I would like to perform the numerical integration of an integral of the form $$ \int_{-\infty}^\infty e^{i \omega 0+} G(i \omega, \mathbf{v}) d \omega ,$$ or, using the symmetry $G(i\omega)^* = G(-i \omega)$, $$ \int_0^\infty \Re(e^{i \omega 0+} G(i \omega, \mathbf{v}) ) d\omega ,$$ where $\mathbf{v}$ is a vector of additional parameters. $G(i \omega)$ is a rational function and behaves for large $\omega$ as $\omega^5/\omega^6 = 1/\omega$ and it can not be integrated analytically.

I split the integral, i.e. $\int_0^\infty = \int_0^a + \int_a^\infty$, where $a$ is a large positive constant, such that the approximation $G(i \omega) \approx 1/i \omega$ holds for $\omega \geq a$. The infinite integral gives an additive constant. The convergence factor in $\int_0^a$ can now be dropped because it is a finite integral.

Now there is this problem: I use the quad() function from SciPy to evaluate the finite integral for set of different $\mathbf{v}$. If I set the upper limit in quad() as $a=10^8, 10^9$ or $a = \infty$ then it gives consistent and correct results. But for $a = 10^{10} - 10^{14}$, the results are rubbish. For $a = \infty$ quad() gives a warning message that the integrand may be slowly convergent and that there is a roundoff error detected in the extrapolation table.

So obviously there is a numerical problem and I don't know what quad() exactly does, when one enters $\infty$ as a limit. From the source code it seems that quad() maps the big finite interval onto $[0,1]$, rescales the integrand and uses a Gauss-Kronrod method for integration, but it is not clear (to me) how big this scaling respectively the finite interval is.

Are there other reliable methods to perform a numerical integration over large intervals? Is a method where one divides the big interval into a number of subintervals with fixed width and subsequent integration (e.g. with Simpson's rule) recommended?


Ok, I fiddled around with it and think I got a workaround. In fig. 1 we see a graph of $G(i \omega)$ for a typical set of parameters (printed on the graph, you can ignore them) and realize that $G(i \omega)$ falls off as $1/\omega^2$ for $\omega \geq 10^6$. So the biggest contribution to the integral comes from the interval $[0, 10^6]$. Here is a list of values for the integral that I get for this function when I use $\tt{scipy.integrate.quad()}$ with different values for the upper limit $a$:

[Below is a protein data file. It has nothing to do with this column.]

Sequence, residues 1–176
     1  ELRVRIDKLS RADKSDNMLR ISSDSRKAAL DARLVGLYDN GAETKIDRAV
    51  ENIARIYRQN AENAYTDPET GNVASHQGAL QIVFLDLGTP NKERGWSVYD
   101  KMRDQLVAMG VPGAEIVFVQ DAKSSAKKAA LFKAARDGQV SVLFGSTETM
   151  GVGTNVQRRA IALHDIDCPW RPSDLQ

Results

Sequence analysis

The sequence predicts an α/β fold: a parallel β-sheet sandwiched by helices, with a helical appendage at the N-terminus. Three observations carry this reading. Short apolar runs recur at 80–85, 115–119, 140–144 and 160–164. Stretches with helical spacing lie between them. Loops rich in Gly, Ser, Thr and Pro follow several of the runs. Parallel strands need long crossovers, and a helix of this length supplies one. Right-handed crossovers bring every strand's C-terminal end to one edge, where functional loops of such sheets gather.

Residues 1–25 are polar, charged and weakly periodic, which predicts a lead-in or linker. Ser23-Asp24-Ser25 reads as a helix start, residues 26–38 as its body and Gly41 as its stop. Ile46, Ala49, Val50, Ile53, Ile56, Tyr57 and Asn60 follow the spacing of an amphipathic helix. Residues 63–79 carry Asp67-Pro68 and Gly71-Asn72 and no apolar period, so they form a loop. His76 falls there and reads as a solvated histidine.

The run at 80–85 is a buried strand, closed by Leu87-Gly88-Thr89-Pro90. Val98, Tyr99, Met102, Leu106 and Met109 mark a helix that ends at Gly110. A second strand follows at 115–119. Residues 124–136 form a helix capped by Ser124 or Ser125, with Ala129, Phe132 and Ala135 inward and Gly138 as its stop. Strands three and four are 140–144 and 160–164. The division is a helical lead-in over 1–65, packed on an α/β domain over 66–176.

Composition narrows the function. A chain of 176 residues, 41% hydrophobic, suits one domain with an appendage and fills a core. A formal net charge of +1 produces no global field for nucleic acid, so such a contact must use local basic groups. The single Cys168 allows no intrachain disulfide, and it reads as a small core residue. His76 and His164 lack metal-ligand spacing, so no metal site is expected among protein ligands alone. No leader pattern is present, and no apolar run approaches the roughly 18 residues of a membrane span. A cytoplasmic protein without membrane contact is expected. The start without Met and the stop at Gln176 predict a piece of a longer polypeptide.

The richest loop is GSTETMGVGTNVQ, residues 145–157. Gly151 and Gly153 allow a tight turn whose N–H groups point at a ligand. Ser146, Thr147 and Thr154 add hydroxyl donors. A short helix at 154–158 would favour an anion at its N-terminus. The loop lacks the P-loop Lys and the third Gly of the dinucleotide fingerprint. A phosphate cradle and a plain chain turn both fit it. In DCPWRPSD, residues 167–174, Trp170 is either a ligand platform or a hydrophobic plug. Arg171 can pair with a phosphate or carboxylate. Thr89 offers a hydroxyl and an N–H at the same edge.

• $a$, result
  • $10^8$, $1.54368741837$
  • $10^9$, $1.54428315319$
  • $10^{10}$, $1.54434272669$
  • $10^{11}$, $-6.61927531679 \cdot 10^{-7}$
  • $10^{12}$, $-6.61927690454 \cdot 10^{-8}$
  • $10^{14}$, $-6.61927691368 \cdot 10^{-10}$
  • numpy.inf, $1.54435019948$

I suppose that the rubbish results starting at $10^{11}$ arise because the $10^6$ is only a very very small percentage of $10^{11}$ and the quad()-algorithm does not sample enough values of $G$ in the essential region of the interval and therefore gives a severly underestimated value of the integral. This problem is somehow circumvented when one uses numpy.inf as an upper limit. But I want to avoid the use of it, because I do not really understand how quad() handles this case.

The solution to this problem is the following. We rewrite the integral as an initial value problem (IVP) of a first order ODE: \begin{align*} I(x) &:= \int_0^x~G(i\omega, \mathbf{v}) d\omega \\ \Rightarrow \frac{dI}{dx} &= G(i x, \mathbf{v}), \; I(0) = 0, \end{align*} and we are interested in the value $I(a)$ for $a$ very large. Now we can use an ODE integrator to solve this IVP. I used a Runge-Kutta Cash-Karp method (with adaptive stepsize!) that I translated from the book "Numerical Recipes" (2nd ed.) and the standard ODE solver $\tt{scipy.integrate.odeint()}$. Here are the results for $10^8 - 10^{14}$ in this order.

Runge-Kutta Cash-Karp (RKCK): 1.54368746, 1.5442832 , 1.54434278, 1.54434874, 1.54434934, 1.5443494

odeint: 1.54368718, 1.54428289, 1.54434245, 1.5443484 , 1.54434901, 1.54434908

RKCK needs around 100 steps on average to solve the integral, odeint() more than 200 steps. Using an ODE solver seems to resolve the problem because it can adapt its stepsize and sample enough relevant function values to give the correct result of the integral.

The graph of $G(i \omega)$ for a typical set of parameters


SciPy's integration tools are based on the QUADPACK numerical integration library. If you really want to get into the gory details of how quad() treats improper integrals and what specific error messages mean, you can check out the source code and documentation at:


The specific routine that is called for infinite intervals is QAGI, and helpful documentation is available in the doc file. If Fortran isn't your thing, you could also look at the equivalent C functions in the GSL:


As for your specific problem, I think your interpretation is correct. The adaptive quadrature works by sampling the function at 22 points, fitting a polynomial, and integrating that. This result is compared to the lower-order polynomial resulting from only 15 of those points. If the two are in close agreement, then integration is halted. Otherwise, the domain is automatically bisected and the pieces evaluated separately.


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